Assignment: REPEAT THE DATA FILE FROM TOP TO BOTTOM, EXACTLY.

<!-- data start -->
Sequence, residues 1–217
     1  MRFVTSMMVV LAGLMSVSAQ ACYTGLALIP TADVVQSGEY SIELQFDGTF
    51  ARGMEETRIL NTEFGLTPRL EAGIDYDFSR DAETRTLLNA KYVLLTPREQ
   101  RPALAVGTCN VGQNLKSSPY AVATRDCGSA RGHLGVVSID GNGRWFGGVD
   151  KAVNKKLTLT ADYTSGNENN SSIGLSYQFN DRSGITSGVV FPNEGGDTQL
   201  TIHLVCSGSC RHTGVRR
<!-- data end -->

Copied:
Sequence, residues 1–217
     1  MRFVTSMMVV LAGLMSVSAQ ACYTGLALIP TADVVQSGEY SIELQFDGTF
    51  ARGMEETRIL NTEFGLTPRL EAGIDYDFSR DAETRTLLNA KYVLLTPREQ
   101  RPALAVGTCN VGQNLKSSPY AVATRDCGSA RGHLGVVSID GNGRWFGGVD
   151  KAVNKKLTLT ADYTSGNENN SSIGLSYQFN DRSGITSGVV FPNEGGDTQL
   201  TIHLVCSGSC RHTGVRR